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XIII.
L'ALLEGRO.l

Hbnce loathed Melancholy,

Of Cerberus1 and blackest Midnight born, In Stygian cave forlorn,

'Mongst horrid shapes, and shrieks, and sights unholy, Find out some uncouth cell,

Where brooding darkness spreads his jealous wings, And the night raven sings;

There under ebon shades, and low-browed rocks,
As ragged as thy locks,

In dark Cimmerian3 desert ever dwell.
But come thou goddess fair and free,
In Heaven ycleped Euphrosyne,
And by men, heart-easing Mirth,
Whom lovely Venus at a birth4
With two sister graces more
To ivy-crowned Bacchus boi
Or whether (as some sages sing)5
The frolic wind that breathes the spring,
Zephyr with Aurora playing,

1 This and the following poem are exquisitely beautiful in themselves, hut appear much more beautiful when they are considered as they were written, in contrast with each other. There is a great 'variety of pleasing images in each of them; and it is remarkable that the poet represents several of the same objects as exciting both mirth and melancholy, and affecting us differently according to the different dispositions and affections of the soul. This is nature and experience. He derives the title of both poems from the Italian, which language was then principally in vogue. L'AUegro is the cheerful, merry man; and, in this poem, he describes the course of mirth, in the country and in the city, from morning till noon, and from noon till night: and possibly he might have this in his thoughts, when he said afterwards in his "Areopagitica," "There be delights, there be recreations and jolly pastimes that will fetch the day about from sun to sun, and rock the tedious year as in a delightful dream." Vol. i. p. 154.—Newton.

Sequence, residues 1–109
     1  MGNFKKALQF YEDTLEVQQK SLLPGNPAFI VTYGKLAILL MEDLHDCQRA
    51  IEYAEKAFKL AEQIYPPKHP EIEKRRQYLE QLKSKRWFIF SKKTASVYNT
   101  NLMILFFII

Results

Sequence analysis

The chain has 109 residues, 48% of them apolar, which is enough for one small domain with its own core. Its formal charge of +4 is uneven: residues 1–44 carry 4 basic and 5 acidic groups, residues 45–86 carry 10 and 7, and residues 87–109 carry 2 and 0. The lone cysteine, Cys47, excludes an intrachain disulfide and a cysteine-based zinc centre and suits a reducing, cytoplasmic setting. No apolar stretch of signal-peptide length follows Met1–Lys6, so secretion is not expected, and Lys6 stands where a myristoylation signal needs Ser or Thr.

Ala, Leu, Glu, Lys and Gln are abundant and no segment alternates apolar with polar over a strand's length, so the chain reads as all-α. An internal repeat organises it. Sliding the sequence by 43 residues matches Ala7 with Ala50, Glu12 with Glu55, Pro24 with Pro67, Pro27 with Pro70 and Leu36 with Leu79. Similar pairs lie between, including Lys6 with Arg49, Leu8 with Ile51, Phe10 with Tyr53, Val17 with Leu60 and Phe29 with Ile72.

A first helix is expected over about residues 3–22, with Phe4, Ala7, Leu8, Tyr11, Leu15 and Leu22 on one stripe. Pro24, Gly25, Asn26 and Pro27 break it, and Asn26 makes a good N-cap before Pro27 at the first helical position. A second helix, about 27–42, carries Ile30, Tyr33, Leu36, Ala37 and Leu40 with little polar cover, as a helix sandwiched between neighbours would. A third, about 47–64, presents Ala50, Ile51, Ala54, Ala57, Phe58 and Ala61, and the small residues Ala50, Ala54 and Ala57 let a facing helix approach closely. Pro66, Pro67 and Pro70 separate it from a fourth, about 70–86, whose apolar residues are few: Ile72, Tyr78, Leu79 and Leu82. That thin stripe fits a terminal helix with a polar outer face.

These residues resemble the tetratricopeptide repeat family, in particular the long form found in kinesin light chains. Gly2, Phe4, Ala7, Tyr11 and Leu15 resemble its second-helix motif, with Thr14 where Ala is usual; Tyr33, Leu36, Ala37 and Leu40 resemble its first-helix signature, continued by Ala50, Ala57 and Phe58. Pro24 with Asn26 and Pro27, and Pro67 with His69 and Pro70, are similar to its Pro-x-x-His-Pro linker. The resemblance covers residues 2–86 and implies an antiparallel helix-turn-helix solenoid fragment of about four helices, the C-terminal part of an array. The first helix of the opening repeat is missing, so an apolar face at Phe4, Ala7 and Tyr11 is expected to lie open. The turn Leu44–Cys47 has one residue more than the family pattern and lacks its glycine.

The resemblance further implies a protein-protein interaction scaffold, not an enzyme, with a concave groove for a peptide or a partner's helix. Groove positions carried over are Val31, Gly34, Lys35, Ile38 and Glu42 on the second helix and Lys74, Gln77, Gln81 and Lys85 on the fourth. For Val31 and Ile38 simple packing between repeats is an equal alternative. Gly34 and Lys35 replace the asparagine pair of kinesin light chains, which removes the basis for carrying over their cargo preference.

2 Erebus, the conjecture of Upton and Newton, is more agreeable to mythology.

8 The Cimmerians lived in caves, and never saw the light of the sun. See Homer, Od. xi. 14; Tibull. iv. i. 65.

4 The more ancient opinion makes the graces spring from Jupiter and Eurynome.

i This is merely Milton's fiction, as no such account is given elsewhere.

As he met her once a maying,

There on beds of violets blue,

And fresh-blown roses washed in dew,

Tilled her with thee a daughter fair,

So buxom, blithe, and debonair.

Haste thee, nymph, and bring with thee

Jest and youthful jollity,

Quips, and cranks, and wanton wiles,

Nods, and becks, and wreathed smiles,

Such as hang on Hebe's cheek,

And love to live in dimple sleek;

Sport that wrinkled care derides,

And laughter holding both his sides.

Come, and trip it as you go

On the light fantastic toe,

And in thy right hand lead with thee,

The mountain nymph,1 sweet Liberty;

And if I give thee honour due,

Mirth, admit me of thy crew,

To live with her, and live with thee,

In unreproved pleasures free;

To bear the lark begin his flight,